In a much more fragile way, but with sometimes ferocious acceleration, similar processes are occurring in Italy. However, the populist political horizon is expanding in Europe and in Latin America. This expansion dramatically deepens the problem we are raising here: how is fascism established in and through democratic institutions? And second, what exactly is this fascistizing insurgency?
Next we will try, if not to answer, to introduce this question in more detail. For now, let’s start by defining this strange fascism, which is presented in profound combination with neoliberalism. Better yet, let’s try to define the difficulties that – we believe – a new radical experiment of the Chicago theories must encounter in its development. The current fascistizing transformations of the capitalist managing class (not all of it, for the moment), in fact, seem to be determined by the need to sustain with greater force, using all the means of the state, constrictively, a more neoliberal development of the deep crisis. It is important to highlight this unusual deformity: the force of authoritarianism is called up to sustain the crisis of liberalism. Now, according to this perspective, fascism seems to appear (although not only) as the hard phase of neoliberalism, as a strong recuperation of sovereignty, as the inversion of the slogan “first the market, then the state,” in several figures, in the points where development clashes with most difficulties, or where its apparatuses break, or better, where it confronts strong resistance.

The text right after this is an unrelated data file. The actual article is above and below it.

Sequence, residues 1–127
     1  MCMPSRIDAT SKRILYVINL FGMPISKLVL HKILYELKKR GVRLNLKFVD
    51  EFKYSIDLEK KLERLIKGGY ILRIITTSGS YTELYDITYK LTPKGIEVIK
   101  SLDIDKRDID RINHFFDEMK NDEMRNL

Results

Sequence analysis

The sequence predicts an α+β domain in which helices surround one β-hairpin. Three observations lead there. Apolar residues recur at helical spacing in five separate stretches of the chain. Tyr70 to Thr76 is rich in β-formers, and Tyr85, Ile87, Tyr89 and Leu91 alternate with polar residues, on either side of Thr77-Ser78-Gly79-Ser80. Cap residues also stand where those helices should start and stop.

This fascism is characterized by a reactionary reflection. This is what distinguishes it from the fascisms of the 1920s and ‘30s, when the reactionaries acted on the political plane, while they could be relatively progressive on the economic terrain, pseudo Keynesians. This reaction then is probably a symptom of weakness, an effect of response more than an attack. Which seems to be proved by the fact that this fascist instance, more than a totalitarian technique, attempts to use flexible mechanisms for the authoritarian transformation of the state, calibrating governance like a sort of new and perverse constituent power. But these are only predictions, that only the intensity of future class struggle can confirm or deny.
We still have not asked: what is 21st century fascism? That of the 20th century sought to destroy the Soviets, in Russia or in any other part of the world where they could be found. Where are the Bolsheviks today? They are obviously fantasies. But neoliberalism’s fatigue in consolidating itself and the political crises that are added to the economic ones revive the fear of Bolsheviks. That insistence is astounding.